|ATVI||ACTIVISION BLIZZARD INC.||78.57||+0.71||+0.91%|
Quality assurance (QA) employees voted 19-3 in favor of forming the video game publishing giant's first-ever union, the Game Workers Alliance, according to the National Labor Relations Board. If no objections are filed, the results of the election will be certified on May 31.
The Game Workers Alliance was established in January in response to Activision's decision to lay off 12 of Raven Software's QA contractors. Prior to the group's formation, 60 Raven Software workers walked out to protest the layoffs on Dec. 6 and went on strike for five weeks. The Raven QA team predominantly works on the studio’s popular Call of Duty series.
"Five months ago, we formed the Game Workers Alliance-CWA on the principles of solidarity, sustainability, transparency, equity, and diversity. Activision Blizzard worked tirelessly to undermine our efforts to establish our union, but we persevered. Now that we’ve won our election, it is our duty to protect these foundational values on which our union stands," the GWA said in a statement on Monday.
"Our biggest hope is that our union serves as inspiration for the growing movement of workers organizing at video game studios to create better games and build workplaces that reflect our values and empower all of us. We look forward to working with management to positively shape our working conditions and the future of Activision Blizzard through a strong union contract."
Prior to the vote, Activision declined to voluntarily recognize the Game Workers Alliance. They also urged workers to "consider the consequences" of signing union authorization cards.
"We respect and believe in the right of all employees to decide whether or not to support or vote for a union," an Activision Blizzard spokesperson told FOX Business. "We believe that an important decision that will impact the entire Raven Software studio of roughly 350 people should not be made by 19 Raven employees."
The Raven Software QA strike marked the third work stoppage since July, when Activision Blizzard was hit with a lawsuit from California's Department of Fair Employment and Housing (CDFEH) accusing the company of fostering a "fratboy workplace culture" and ignoring female employees' complaints of harassment, discrimination and retaliation, as well as paying female employees less than their male counterparts and providing them with fewer opportunities to advance.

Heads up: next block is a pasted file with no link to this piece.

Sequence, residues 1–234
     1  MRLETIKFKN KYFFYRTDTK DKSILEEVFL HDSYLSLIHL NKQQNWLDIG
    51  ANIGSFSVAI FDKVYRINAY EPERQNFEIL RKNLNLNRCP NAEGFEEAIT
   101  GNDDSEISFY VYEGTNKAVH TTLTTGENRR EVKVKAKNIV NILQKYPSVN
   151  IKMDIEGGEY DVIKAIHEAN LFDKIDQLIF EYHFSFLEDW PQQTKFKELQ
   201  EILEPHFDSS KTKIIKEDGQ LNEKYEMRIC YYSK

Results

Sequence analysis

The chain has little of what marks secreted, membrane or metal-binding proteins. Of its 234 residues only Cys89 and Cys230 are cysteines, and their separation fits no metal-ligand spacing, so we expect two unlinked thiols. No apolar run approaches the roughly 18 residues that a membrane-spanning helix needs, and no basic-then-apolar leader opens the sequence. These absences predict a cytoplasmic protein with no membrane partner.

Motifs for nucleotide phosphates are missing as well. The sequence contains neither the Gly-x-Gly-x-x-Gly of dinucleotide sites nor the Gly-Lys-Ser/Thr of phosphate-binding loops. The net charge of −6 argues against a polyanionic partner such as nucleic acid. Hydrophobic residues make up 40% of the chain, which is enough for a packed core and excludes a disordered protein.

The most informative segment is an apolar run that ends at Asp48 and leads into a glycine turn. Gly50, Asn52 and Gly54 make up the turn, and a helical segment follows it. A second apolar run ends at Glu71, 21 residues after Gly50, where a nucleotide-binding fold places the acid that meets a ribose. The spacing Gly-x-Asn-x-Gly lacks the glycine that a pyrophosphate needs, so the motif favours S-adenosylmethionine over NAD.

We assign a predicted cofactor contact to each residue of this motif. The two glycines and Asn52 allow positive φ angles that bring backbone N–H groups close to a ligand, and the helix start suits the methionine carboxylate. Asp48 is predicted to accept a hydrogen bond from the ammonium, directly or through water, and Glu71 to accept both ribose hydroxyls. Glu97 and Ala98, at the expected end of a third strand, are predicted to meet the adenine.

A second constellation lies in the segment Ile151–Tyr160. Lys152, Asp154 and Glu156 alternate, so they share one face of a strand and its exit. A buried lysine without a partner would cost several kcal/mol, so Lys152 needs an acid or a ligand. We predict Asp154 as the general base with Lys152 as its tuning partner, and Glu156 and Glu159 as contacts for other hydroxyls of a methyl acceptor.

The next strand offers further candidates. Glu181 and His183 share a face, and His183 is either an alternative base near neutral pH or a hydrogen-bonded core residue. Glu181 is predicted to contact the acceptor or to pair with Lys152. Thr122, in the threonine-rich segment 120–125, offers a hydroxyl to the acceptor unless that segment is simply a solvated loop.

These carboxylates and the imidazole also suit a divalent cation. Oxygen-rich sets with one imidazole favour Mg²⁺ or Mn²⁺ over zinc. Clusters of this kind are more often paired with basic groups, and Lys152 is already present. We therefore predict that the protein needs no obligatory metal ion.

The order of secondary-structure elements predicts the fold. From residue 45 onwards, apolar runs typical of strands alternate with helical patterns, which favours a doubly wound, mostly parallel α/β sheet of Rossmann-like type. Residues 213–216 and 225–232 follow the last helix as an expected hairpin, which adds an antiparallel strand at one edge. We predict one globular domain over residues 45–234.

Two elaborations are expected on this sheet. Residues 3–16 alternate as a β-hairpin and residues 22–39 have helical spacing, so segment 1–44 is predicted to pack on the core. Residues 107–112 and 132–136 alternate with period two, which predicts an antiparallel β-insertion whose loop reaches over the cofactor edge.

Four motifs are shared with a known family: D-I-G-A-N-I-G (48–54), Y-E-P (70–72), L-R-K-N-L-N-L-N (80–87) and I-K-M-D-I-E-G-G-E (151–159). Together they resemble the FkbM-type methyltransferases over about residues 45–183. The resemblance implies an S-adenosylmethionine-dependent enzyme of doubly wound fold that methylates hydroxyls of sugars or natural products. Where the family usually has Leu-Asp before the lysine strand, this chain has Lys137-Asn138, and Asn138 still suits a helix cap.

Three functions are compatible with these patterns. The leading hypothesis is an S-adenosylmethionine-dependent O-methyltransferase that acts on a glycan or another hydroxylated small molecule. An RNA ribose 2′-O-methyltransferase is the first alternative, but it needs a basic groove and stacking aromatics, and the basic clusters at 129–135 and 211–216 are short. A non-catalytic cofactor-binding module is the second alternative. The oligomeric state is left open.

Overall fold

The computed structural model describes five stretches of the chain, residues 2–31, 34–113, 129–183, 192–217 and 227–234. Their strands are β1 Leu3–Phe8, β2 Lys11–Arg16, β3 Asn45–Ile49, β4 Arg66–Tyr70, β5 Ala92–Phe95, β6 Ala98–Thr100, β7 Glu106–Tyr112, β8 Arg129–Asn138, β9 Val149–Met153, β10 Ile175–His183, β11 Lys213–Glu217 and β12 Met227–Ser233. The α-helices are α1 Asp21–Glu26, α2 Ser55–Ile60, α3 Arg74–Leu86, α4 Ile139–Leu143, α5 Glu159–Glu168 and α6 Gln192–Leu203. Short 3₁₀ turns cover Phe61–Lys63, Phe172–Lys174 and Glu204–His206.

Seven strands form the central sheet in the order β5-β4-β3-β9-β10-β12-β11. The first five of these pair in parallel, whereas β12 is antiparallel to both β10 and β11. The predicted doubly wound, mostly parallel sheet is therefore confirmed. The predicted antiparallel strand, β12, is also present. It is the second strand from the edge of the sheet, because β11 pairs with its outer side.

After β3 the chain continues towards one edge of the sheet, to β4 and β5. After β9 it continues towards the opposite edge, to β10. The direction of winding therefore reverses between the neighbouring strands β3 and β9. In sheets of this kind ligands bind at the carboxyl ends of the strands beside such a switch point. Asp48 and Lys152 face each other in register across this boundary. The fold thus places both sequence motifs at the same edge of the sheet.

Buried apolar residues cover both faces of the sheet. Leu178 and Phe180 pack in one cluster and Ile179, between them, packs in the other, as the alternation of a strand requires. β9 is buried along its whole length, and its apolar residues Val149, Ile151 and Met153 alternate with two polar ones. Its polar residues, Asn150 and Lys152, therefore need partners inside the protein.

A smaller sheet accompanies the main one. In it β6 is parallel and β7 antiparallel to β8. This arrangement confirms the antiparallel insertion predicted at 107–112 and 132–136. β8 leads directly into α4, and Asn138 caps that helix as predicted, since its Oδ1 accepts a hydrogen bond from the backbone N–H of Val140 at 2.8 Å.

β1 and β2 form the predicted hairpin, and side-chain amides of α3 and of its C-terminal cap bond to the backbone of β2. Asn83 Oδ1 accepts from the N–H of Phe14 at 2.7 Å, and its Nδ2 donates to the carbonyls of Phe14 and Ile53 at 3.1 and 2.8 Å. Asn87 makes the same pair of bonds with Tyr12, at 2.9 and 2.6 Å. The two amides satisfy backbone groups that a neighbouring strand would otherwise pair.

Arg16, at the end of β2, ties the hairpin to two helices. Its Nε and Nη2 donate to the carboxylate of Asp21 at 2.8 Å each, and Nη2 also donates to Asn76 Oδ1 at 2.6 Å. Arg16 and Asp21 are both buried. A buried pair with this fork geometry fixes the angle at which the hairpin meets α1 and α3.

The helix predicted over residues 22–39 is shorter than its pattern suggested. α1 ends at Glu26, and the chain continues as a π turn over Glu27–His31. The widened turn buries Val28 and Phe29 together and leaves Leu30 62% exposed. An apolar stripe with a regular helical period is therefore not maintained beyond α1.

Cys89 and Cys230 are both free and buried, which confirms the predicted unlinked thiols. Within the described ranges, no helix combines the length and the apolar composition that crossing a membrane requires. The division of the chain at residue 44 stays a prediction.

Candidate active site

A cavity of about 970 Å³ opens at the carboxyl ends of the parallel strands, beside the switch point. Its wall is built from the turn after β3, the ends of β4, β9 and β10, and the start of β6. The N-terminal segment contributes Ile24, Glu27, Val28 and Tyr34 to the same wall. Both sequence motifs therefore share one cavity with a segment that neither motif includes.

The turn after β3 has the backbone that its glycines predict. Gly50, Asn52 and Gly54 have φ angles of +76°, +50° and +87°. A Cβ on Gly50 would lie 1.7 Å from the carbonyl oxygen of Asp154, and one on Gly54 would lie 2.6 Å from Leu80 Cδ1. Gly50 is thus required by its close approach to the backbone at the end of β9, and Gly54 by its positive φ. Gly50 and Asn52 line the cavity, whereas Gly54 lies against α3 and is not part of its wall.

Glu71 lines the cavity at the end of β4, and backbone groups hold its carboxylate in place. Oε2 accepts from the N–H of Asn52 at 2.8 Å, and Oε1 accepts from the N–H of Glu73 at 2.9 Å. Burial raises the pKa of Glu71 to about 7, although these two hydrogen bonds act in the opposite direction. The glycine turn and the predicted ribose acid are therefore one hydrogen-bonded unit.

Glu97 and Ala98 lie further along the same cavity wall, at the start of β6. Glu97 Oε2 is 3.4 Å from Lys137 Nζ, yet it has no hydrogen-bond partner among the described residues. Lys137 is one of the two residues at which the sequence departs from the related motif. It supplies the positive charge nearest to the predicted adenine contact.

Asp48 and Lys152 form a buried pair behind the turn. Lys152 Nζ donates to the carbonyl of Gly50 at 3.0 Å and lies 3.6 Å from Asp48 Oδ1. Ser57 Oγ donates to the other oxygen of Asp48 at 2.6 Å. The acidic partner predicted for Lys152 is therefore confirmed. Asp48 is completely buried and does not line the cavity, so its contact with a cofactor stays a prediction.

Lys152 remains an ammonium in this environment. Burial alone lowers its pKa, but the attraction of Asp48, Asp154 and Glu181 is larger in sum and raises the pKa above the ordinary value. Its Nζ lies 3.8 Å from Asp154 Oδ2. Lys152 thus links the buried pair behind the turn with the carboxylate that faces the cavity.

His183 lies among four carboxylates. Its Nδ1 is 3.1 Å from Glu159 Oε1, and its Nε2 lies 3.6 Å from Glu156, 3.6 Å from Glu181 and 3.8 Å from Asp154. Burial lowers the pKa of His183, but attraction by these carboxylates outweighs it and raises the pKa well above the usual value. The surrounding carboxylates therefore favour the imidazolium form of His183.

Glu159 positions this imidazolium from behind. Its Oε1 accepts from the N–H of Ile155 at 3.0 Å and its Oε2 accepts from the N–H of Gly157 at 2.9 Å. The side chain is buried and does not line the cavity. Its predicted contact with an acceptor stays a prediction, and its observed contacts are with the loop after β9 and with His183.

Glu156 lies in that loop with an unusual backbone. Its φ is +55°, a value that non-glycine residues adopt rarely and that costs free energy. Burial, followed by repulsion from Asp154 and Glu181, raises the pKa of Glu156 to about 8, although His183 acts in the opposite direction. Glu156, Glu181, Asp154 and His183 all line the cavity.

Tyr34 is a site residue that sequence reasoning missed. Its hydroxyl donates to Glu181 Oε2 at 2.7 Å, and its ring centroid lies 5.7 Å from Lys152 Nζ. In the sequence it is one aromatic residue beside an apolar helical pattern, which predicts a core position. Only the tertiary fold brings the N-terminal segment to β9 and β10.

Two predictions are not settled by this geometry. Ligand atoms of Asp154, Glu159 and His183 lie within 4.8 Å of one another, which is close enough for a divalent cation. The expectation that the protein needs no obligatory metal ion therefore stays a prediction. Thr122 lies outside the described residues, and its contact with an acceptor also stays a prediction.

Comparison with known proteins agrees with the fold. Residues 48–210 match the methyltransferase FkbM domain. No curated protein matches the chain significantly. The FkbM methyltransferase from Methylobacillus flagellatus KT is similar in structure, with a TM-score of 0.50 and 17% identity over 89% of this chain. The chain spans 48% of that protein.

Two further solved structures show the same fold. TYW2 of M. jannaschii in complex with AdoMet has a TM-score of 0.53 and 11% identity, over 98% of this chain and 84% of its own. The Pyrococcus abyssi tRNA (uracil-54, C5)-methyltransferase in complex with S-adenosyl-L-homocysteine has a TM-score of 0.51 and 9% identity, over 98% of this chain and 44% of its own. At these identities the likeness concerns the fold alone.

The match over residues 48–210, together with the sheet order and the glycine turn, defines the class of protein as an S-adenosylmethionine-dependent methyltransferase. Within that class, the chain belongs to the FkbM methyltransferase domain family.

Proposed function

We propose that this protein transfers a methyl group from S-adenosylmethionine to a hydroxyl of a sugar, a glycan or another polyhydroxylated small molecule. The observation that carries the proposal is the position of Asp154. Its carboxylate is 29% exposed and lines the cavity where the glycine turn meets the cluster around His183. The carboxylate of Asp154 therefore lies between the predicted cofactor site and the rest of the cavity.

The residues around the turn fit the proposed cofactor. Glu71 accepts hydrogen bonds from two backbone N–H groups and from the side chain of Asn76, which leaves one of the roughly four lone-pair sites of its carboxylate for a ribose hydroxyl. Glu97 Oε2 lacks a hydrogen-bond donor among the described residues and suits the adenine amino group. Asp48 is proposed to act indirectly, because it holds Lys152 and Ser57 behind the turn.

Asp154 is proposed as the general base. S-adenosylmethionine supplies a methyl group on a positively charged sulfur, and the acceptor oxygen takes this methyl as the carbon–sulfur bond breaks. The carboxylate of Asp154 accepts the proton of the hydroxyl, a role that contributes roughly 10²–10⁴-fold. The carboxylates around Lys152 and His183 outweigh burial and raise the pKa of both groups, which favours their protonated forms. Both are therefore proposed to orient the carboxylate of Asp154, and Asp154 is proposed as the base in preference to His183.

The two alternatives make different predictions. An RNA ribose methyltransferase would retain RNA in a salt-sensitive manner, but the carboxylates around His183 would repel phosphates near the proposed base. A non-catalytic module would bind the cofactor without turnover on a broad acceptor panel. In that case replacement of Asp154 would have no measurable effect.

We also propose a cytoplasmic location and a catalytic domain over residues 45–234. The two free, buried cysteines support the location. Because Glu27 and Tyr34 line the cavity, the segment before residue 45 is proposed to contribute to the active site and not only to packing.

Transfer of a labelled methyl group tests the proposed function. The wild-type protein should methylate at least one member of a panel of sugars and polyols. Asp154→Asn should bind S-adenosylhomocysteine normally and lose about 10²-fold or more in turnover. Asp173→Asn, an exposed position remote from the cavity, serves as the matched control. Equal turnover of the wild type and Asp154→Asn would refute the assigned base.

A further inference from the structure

In addition to CDFEH's lawsuit, the company reached an $18 million settlement with the Equal Employment Opportunity Commission over allegations of gender-based harassment and retaliation. The U.S. Securities and Exchange Commission has also subpoenaed Activision CEO Bobby Kotick and other executives over their disclosures regarding "employment matters and related issues." Employees and shareholders have called on Kotick to resign after he was separately accused of sexual harassment and misconduct.
Moments ahead of the union vote, the NLRB announced that its Los Angeles region office found merit to allegations that the company violated the National Labor Relations Act by threatening employees who were attempting to unionize through enforcement of its social media policy.
"These allegations are false," Activision told FOX Business. "Employees may and do talk freely about these workplace issues without retaliation, and our social media policy expressly incorporates employees’ NLRA rights."
The union victory comes as Activision Blizzard shareholders have approved a $68.7 billion sale to Microsoft. The Microsoft acquisition is expected to close in fiscal year 2023, subject to customary closing conditions and the completion of a regulatory review. Upon closing of the deal, the unit will fall under Microsoft gaming CEO Phil Spencer.